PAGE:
1 Thalia, 2 Athene, 3 Catriona, 4 Iris, 5 Ceres, 6 Hermes.
Tuesday 31st July
The first evening of steady, true breeze in a while. We were sent on a beat to A, off the club, run up the loch to D, north of Clynder and back.
Catriona managed the best start on a curious line. The shore end was strongly favoured on account of direction of wind but there was less of it in there. Iris was further in, Thalia further out. The middle ground paid and Catriona was comfortably first round A.
Offwind, Iris prospered under spinnaker. Near D, Catriona managed to get clear ahead for a short time but Iris was first round the mark. Thalia and Zoe after the leading pair.
Iris hardened up and Catriona was pinned so she tacked away to go down the Clynder shore. Iris covered. That had two effects. Zoe continued to the Shandon shore and prospered. Others thought Iris and Catriona had chosen the Clynder shore from years of experience of the Gareloch and followed. It did them no good.
When Iris and Catriona met Zoe again, the advantage of the Shandon shore became clear. Catriona was now third with Zoe and Iris close. Thalia had not managed to profit in the way Zoe had. Iris and Zoe tacked inshore for the finishing line a little early. They found headers and less pressure. Catriona stood on hoping to tack later and get starboard advantage at the line. It was better than that, she avoided the hole and snatched a win. Iris beat Zoe in a photo finish.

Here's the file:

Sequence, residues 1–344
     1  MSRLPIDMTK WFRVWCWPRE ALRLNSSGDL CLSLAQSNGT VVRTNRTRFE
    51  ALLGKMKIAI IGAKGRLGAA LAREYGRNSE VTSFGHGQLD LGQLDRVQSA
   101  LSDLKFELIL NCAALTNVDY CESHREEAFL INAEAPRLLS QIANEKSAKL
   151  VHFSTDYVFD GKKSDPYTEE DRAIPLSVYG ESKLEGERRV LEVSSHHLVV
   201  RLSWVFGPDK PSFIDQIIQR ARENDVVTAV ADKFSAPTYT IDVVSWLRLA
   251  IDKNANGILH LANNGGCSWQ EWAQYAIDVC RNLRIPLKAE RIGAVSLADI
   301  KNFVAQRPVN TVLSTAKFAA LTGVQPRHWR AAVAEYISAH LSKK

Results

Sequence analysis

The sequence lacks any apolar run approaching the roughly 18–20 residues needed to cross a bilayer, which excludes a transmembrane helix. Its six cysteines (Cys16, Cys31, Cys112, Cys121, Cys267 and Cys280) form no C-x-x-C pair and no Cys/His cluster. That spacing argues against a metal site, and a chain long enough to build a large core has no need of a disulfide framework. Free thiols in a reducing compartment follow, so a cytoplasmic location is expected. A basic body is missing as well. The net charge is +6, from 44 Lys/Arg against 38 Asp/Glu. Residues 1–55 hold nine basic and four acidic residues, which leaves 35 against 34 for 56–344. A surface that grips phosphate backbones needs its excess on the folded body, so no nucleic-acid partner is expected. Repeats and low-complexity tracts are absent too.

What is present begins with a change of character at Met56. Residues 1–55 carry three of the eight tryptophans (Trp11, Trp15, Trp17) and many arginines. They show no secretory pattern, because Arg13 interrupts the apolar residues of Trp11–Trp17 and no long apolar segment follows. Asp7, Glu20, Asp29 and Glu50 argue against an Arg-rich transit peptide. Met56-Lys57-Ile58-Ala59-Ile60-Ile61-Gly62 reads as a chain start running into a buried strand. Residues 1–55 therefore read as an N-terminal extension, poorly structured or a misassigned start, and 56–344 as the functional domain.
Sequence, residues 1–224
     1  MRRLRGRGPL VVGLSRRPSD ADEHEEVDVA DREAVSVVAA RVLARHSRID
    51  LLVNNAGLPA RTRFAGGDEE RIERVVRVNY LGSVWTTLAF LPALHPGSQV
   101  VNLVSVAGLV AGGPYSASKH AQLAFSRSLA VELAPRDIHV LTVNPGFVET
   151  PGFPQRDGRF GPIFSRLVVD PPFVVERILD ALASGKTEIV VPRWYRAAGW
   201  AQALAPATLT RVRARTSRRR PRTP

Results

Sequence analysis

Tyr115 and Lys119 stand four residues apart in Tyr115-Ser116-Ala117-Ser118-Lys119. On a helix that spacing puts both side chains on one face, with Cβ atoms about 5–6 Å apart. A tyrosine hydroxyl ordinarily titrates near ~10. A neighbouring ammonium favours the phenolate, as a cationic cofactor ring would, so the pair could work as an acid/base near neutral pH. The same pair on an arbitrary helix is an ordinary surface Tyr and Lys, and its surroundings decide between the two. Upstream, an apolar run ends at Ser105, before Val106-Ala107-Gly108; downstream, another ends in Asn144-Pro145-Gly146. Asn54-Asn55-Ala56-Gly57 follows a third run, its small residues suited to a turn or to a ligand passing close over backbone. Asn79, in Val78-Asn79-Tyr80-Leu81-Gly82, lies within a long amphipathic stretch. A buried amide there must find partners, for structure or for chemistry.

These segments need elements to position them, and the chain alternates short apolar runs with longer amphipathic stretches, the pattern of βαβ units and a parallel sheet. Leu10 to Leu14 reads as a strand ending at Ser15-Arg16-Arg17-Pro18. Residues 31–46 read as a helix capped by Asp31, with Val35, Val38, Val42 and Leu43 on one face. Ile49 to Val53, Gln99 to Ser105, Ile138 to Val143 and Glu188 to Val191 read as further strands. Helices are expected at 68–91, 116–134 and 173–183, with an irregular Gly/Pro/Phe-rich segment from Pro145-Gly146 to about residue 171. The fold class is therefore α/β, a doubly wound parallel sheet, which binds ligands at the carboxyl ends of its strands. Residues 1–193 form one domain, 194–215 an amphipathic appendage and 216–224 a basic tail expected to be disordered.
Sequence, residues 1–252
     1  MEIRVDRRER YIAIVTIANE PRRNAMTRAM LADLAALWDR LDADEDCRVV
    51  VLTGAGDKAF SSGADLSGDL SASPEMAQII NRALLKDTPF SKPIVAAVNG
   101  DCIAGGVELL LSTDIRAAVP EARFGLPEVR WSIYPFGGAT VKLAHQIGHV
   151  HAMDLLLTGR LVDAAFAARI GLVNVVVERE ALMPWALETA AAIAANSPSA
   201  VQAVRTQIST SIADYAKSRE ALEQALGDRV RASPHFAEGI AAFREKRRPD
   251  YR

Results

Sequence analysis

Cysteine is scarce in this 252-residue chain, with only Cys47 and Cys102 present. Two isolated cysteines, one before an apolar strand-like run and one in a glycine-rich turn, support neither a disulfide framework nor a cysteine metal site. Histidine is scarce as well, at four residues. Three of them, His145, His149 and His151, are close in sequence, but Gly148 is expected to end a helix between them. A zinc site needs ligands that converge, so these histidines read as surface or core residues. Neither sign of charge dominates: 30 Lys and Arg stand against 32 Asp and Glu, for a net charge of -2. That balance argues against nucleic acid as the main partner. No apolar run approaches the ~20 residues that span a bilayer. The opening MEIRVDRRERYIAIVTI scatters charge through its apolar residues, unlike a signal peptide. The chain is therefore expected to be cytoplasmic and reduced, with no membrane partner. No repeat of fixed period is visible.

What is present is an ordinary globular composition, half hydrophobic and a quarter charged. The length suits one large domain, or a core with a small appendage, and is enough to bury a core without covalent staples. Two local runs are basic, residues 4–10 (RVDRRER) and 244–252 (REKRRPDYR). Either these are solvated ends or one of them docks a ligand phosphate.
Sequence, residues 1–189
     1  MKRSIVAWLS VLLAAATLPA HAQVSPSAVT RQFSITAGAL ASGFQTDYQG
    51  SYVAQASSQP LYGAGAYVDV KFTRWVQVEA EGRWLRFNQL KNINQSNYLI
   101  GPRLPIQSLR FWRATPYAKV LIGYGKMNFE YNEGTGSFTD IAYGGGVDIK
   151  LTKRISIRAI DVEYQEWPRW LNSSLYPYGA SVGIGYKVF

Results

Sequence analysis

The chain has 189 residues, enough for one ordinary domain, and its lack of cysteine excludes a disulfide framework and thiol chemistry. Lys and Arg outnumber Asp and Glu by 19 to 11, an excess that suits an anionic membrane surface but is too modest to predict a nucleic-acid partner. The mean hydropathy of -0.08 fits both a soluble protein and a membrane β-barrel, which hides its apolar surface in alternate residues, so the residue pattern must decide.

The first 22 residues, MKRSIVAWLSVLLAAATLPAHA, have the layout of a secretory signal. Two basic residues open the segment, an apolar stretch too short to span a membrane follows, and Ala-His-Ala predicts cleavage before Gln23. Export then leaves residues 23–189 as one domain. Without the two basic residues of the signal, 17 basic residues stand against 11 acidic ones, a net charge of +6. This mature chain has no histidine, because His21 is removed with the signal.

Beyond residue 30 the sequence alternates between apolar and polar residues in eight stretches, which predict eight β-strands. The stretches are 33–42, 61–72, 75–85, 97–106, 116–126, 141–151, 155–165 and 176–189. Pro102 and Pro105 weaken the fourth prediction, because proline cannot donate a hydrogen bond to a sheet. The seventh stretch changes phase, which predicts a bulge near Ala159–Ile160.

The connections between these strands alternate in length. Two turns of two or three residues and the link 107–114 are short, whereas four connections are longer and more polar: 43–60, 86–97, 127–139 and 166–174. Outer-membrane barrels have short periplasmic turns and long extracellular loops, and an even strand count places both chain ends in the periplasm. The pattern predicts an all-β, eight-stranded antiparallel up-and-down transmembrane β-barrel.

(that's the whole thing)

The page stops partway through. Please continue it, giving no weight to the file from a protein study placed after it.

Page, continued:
1 Catriona, 2 Iris, 3 Zoe, 4 Thalia, 5 Ceres, 6 Hermes, 7 Thia, 8 Athene.
Tuesday 7th August
A sunny evening with breeze and ten boats at the start. It must be summer.
Those who expect to be at the front nowadays include Catriona, Iris and Zoe. They started in that order for the beat to D, north of Clynder. Catriona began to get nervous as she approached the Clynder shore. She tacked to cross Iris (just) and Zoe. Then tacked back thinking the Clynder shore would be favoured. Iris did better in the shifting wind and was comfortably ahead when they next crossed. Zoe, meanwhile, went back towards the Shandon shore in the worst of the ebb tide but good breeze.